• Tempo of execution —The notion that different tempos of execution result in different training adaptations has enjoyed widespread popularity over the past few years. Basically, each repetition is divided into three phases: concentric (shortening the muscle), pause, and eccentric (lengthening the muscle). Most of us were taught to lift the weight to a two-second count, pause for one second, and then lower the weight in another four seconds. This tempo of execution would be designated as a "4-1-2." For muscle growth training, some of the more popular tempos of execution are 4-0-8, 3-1-6, 2-2-4, and 3-2-3.
  • Order of exercises —This one is easy: always train your lagging body parts first in the workout and first in the week! If you target arms, they are always first to the plate. If it's chest, they get hit before anything else. By training your lagging body part first, you get the benefit of directing your full energy and attention to the task at hand.
  • Number of exercises —The idea here is to stress the muscle from as many different joint angles as possible. This is also a great way to get out of the "three sets for every exercise" rut that pervades most weight rooms. Pick a movement, perform one to two work sets, and move on to the next exercise.
  • Alternative training methods —Although there are dozens of techniques that strength and conditioning coaches use to improve the muscle-building response, we'll share two that we believe are particularly effective. The first is called the 1 1/2 technique. Simply put, using the 1 1/2 method means you perform a full range repetition, pause for one second, lower the weight through half of its range, pause for one second, and return the weight to its starting position. This is considered one rep. The second method of enhancing the growth response involves getting rid of the stretch shortening cycle (and subsequent use of elastic energy) by pausing each repetition at the end of the eccentric contraction. Using the bench press as an example, you might lower the weight to a four-second count, pause for four seconds, and then raise the weight in two seconds. If you remember from a previous point, this corresponds to a 2-4-4 tempo of execution.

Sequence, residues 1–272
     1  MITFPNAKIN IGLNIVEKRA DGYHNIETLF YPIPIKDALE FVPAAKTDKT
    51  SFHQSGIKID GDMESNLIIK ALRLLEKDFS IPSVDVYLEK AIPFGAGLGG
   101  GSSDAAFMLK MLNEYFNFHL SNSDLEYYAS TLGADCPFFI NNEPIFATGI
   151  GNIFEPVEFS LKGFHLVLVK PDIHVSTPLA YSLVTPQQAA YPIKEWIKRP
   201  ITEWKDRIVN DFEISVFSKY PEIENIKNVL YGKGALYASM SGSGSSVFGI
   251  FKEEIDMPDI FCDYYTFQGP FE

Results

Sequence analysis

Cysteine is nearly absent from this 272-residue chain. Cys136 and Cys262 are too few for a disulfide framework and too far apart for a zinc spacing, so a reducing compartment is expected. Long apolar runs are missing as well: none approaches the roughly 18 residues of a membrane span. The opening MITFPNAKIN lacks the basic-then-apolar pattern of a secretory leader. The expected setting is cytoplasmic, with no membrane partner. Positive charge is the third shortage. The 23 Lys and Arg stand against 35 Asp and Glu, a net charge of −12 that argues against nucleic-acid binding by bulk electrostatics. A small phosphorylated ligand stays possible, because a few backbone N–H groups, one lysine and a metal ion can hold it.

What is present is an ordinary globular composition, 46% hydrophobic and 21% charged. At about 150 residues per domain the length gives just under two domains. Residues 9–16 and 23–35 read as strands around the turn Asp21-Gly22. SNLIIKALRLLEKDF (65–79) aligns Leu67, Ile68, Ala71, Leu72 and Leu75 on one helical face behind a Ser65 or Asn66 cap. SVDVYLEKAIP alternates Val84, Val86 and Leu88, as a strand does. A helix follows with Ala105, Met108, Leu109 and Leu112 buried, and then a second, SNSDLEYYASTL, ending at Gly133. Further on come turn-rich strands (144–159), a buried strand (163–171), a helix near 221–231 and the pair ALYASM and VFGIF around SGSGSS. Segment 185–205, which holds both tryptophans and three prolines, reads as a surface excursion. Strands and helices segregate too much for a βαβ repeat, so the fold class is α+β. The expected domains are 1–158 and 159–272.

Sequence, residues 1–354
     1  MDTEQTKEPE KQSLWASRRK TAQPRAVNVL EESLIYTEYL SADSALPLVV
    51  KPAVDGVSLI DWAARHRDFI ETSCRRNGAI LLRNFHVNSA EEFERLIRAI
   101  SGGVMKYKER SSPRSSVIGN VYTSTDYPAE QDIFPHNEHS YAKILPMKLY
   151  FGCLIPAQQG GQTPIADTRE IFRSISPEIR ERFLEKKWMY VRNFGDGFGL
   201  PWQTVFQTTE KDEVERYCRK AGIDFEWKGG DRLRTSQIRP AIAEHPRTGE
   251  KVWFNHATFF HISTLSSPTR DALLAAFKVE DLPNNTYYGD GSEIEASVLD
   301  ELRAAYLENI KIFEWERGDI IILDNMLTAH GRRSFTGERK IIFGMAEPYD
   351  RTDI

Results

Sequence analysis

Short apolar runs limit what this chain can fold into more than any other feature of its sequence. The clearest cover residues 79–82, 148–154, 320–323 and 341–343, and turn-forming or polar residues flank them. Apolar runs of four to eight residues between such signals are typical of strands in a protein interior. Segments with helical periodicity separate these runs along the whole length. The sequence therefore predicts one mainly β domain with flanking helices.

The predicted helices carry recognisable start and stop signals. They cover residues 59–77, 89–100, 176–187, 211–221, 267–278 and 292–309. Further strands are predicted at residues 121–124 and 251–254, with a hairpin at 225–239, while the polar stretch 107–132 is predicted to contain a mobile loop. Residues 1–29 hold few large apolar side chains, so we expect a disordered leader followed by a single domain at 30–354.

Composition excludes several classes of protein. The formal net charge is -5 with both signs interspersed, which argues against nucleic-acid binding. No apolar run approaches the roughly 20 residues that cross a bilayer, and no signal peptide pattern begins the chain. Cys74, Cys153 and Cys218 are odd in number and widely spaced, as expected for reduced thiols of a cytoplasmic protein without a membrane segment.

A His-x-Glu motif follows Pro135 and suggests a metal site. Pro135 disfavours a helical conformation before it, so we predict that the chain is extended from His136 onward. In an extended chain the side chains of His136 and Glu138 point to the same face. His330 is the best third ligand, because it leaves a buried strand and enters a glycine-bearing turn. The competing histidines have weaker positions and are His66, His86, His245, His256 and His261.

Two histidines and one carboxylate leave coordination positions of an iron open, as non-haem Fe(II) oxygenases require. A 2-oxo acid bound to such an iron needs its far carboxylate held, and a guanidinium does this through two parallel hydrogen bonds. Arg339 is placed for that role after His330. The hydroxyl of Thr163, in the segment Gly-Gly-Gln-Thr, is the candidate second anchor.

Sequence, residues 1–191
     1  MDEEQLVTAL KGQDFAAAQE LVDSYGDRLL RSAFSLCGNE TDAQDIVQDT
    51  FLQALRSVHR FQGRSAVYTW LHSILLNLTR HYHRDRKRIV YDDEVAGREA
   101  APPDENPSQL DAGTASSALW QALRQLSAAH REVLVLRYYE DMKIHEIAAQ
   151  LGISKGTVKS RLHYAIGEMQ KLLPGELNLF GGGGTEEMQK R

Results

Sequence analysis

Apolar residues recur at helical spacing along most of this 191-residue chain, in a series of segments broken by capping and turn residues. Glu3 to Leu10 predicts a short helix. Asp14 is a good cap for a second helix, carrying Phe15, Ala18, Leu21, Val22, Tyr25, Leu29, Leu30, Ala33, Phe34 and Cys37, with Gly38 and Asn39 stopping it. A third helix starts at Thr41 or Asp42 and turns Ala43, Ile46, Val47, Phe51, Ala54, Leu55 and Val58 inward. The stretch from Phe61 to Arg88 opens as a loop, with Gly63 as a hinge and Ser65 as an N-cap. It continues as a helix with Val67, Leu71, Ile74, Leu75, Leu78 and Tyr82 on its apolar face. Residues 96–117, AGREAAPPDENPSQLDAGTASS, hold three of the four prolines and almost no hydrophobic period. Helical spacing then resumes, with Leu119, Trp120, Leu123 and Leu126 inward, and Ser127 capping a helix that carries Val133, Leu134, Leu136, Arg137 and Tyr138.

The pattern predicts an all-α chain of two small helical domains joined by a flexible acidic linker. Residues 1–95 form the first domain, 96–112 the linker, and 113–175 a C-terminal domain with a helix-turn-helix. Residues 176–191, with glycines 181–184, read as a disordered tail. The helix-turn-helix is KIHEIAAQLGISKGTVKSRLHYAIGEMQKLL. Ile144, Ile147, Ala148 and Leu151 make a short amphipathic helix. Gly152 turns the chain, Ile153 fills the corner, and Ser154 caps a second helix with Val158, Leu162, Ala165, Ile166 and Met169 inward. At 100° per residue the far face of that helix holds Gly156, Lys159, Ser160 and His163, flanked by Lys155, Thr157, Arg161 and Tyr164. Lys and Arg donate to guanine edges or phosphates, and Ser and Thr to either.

"Most athletes have discovered that judicious use of a select few supplements can lead to enhanced gains in strength and size and improved body composition."


On to the battle of the knife and fork. Any nutritionist or exercise physiologist will tell you that weight gain requires eating more calories than you expend. Although weight gain is not our goal per se, we do have at least three concerns that need to be addressed with diet: limiting the process of protein breakdown induced by training and fasting, increasing the process of protein synthesis, and replenishing muscle energy stores. To accomplish this, the following dietary manipulations are warranted:
  • Pre-workout meal —New research suggests that eating a small meal/snack 15 to 30 minutes prior to training leads to greater increases in muscle protein synthesis following the workout. Six to ten grams of essential amino acids along with 35 to 50 grams of sucrose is ideal. For those of you who want that in "shake equivalents," it turns out to be approximately a scoop and a half of 100% BIO-ACTIVE WHEY™ protein powder mixed into two cups of chocolate milk.
  • Post-workout feed —Now this is one you've probably heard before. Make sure you get 50 to 80 grams of high glycemic index (GI) carbs like rice cakes and 25 to 50 grams of rapidly absorbed whey protein like that found in 100% BIO-ACTIVE WHEY as soon as possible following your workout. This is also the perfect time to add more BIO-GRO Bio-Active Peptides to amplify your protein synthesis at this critical time. Simply add two to three servings of BIO-GRO to your whey and mix it up. In a perfect world, you will already have your shake premixed and waiting for you in your gym bag.